Pennsylvania Threatens to Revoke License of Family Detention Center

Washington – The state of Pennsylvania is threatening to revoke the operating license of the only licensed family detention center in the country, threatening federal efforts to comply with a looming court deadline to stop extended detention of migrant children and their parents.

The Pennsylvania Department of Human Services on Thursday sent a letter to the federally operated Berks County Residential Center stating that the detention center is out of compliance with its original license, which was specifically for children.

“BCRC is no longer operating as the type of facility for which it was originally and continues to be licensed,” wrote Theodore Dallas, secretary of the Pennsylvania Department of Human Services.

The Berks County facility is the only one of three family detention centers that is licensed by state authorities. A federal judge has ordered that the government no longer hold families in unlicensed facilities. Federal officials have until Friday to comply with the order, which limits the detention of families to 20 days.

Immigration lawyers who represent the mothers being held with their children say the government is violating other parts of the judge’s order in their dash to meet the deadline.

“There is no way they’re going to be in compliance on Friday,” Brian Hoffman, an Ohioimmigration attorney who is leading the CARA Family Detention Pro Bono Project, said of federal officials. “Given the number of people we believe are here more than 20 days, I don’t think it’s possible to do a mass release by Friday unless a giant charter bus leaves on Thursday night.”

California US District Judge Dolly Gee found that the Obama administration practice of detaining mothers and children trying to enter the United State violated an 18-year-old agreement on child migrants.

She allowed the government as much as 20 days to detain families in unlicensed facilities under certain circumstances such as last year’s surge of nearly 70,000 Central American families into the United States. But she ruled that detentions longer than that should be rare and take place only under special circumstances.

The administration currently holds about 2,075 parents and children at three family detention centers, in Karnes City and Dilley, Texas, and in Berks County, Pa.

The Berks facility is the only center currently with a state license.

The Pennsylvania department warned the Berks facility that it will take action and not renew the center’s license next year if it continues to operate as a family residential center.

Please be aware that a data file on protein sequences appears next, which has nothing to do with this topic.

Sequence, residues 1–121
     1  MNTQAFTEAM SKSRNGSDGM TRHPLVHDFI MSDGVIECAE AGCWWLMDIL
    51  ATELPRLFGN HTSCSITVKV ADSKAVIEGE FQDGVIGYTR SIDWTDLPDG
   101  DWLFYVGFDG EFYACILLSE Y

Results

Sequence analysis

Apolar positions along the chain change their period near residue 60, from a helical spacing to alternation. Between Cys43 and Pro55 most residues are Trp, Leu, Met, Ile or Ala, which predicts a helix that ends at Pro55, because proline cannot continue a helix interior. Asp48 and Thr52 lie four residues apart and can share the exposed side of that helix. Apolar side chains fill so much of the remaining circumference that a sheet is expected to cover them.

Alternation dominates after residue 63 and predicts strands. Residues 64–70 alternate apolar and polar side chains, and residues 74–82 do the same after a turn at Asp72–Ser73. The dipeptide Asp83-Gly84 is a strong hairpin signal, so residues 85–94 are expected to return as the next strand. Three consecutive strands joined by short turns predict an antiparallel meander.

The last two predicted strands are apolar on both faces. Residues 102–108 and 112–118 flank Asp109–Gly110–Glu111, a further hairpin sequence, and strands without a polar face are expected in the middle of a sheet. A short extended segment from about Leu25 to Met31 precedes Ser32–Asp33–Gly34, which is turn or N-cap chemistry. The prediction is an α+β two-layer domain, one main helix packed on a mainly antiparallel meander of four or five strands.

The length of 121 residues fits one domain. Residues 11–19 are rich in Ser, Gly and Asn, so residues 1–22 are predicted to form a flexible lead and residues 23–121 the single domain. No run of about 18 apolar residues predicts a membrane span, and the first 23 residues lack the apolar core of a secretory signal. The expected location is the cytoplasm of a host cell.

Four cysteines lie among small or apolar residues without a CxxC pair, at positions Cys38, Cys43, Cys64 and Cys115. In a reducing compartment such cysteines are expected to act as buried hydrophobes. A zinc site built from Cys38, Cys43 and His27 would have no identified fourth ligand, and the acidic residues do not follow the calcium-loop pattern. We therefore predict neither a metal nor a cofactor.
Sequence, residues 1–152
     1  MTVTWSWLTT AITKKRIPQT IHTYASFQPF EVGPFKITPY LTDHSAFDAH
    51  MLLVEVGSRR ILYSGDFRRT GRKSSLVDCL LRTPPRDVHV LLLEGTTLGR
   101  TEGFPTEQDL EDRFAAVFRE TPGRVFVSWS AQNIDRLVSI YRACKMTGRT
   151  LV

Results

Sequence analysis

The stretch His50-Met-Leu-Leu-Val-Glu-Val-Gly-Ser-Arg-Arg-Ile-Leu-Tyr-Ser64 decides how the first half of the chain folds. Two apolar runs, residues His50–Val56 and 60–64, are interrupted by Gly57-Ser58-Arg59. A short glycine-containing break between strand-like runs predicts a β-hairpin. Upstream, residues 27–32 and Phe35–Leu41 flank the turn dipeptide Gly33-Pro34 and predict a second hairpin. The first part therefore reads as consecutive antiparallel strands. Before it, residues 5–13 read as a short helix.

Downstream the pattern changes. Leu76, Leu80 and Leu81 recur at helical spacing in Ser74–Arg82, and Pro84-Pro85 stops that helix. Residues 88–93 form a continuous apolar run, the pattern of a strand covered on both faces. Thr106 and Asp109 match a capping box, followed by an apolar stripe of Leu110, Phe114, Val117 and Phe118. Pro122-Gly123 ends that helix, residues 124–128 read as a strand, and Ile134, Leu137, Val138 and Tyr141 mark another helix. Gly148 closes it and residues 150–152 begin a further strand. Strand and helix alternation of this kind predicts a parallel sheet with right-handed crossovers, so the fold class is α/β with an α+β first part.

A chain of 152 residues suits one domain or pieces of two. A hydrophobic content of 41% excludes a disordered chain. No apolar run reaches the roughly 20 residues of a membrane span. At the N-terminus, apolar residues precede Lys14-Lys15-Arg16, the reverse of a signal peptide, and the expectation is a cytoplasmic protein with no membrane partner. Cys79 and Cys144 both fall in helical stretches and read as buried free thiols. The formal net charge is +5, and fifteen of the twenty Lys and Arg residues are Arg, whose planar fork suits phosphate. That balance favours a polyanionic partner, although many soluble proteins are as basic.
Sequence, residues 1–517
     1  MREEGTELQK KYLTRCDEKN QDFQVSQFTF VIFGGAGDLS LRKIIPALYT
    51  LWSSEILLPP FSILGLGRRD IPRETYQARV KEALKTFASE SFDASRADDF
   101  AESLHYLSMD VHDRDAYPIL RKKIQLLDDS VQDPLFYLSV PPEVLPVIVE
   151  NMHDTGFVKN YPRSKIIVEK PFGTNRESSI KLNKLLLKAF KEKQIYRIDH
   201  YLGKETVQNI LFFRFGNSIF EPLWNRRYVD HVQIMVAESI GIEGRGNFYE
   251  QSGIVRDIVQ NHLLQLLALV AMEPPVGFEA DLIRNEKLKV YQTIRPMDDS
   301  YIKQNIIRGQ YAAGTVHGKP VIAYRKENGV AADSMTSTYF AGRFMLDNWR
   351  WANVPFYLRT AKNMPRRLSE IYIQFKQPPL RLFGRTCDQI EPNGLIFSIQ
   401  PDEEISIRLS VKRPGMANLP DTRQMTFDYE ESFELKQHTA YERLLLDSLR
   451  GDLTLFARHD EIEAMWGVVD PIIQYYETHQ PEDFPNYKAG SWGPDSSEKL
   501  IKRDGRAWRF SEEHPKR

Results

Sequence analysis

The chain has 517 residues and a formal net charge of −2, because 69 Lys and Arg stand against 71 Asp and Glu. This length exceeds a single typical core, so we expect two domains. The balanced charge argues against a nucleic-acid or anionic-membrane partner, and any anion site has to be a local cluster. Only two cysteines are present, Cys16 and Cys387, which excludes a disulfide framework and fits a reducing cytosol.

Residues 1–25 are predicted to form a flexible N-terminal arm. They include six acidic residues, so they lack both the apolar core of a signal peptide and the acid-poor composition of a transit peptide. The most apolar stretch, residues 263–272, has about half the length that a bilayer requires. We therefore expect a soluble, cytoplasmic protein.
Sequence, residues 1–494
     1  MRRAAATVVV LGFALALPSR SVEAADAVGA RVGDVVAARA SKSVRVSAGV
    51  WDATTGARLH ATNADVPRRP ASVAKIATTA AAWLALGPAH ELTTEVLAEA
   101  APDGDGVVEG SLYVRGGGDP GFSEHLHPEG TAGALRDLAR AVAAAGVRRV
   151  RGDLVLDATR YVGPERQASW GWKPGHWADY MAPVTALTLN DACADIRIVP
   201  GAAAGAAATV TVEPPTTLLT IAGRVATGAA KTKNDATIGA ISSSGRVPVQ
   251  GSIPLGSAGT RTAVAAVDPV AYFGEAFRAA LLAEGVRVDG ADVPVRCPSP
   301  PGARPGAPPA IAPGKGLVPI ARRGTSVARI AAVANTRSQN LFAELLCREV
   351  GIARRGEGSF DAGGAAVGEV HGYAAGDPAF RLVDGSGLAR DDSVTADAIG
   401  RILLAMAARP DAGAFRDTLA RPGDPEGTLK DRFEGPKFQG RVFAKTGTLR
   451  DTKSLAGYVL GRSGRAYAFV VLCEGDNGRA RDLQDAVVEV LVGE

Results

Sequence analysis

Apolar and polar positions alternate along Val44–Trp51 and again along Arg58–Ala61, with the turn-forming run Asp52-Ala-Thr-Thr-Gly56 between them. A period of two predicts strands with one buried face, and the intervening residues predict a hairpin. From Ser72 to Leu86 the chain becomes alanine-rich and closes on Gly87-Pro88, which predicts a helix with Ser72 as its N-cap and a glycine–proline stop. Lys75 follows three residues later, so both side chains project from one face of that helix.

Homeland Security officials did not respond immediately to requests for comment.

At least two dozen mothers and children, including one family that had been detained for more than a year were expected to be moved to the Berks facility this week, their lawyers said.

One of the women, Mayra Vasquez, 27, thought she and her 9-year-old daughter would be released by now. Other mothers at the Karnes City, Texas, family detention center told her most get out after 18 days.

Having fled gang violence in Guatemala, Vasquez figured she’d be OK at the center for less than three weeks. But it’s been more than a month and she is being moved to Pennsylvania.

“I’m worried,” she said in a phone interview from inside the Karnes facility. “I don’t know where they’re sending us.”

Some immigration advocates had thought that Gee’s order was the beginning of the end to family detention, but the US government has detained more mothers and children since Gee’s order in July, albeit for shorter periods.

The Obama administration expanded its use of family detention last year’s after nearly 70,000 parents and children who’d fled Central America crossed into Texas.

Federal officials have argued that they need greater flexibility to respond to future emergency migrant surges. This summer, for example, an unexpected increase in the number of unaccompanied children and migrant families in August has raised concerns about the potential of another migrant crisis. The latest surge is significant because migration numbers historically drop at the end of the summer, as temperatures rise and desert travel becomes more dangerous.

Officials at the Department of Homeland Security, which is appealing Judge Gee’s ruling, did not answer specific questions about how it will comply. They referred McClatchy to a statement by Homeland Security Secretary Jeh Johnson last month that said the federal agency is taking steps to comply with the judge’s order.

Johnson said the department is turning the government’s three family residential centers into short-term “processing centers,” where individuals can be interviewed instead of detained for prolonged periods.

The ankle bracelets worn by released mothers are another point of contention, with many immigration lawyers saying they were locked out of discussions with federal officials when their clients were asked to sign papers accepting the monitors.

The licensing development comes after months of lobbying of the Pennsylvania department by immigration lawyers and immigrant rights groups. Adanjesus Marín, director of the advocacy group Make the Road Pennsylvania, helped secure a meeting with Secretary Dallas on Wednesday.

“This is a huge victory because the Pennsylvania Department of Human Services has confirmed what we have been saying all along that this detention center is not in compliance with the license, with the statute,” said Carol Anne Donohoe, a Pennsylvania lawyer who was at the meeting and represents several women and children at the center.

“What we’re hoping is without a license, they can’t be compliance and that everyone gets released.”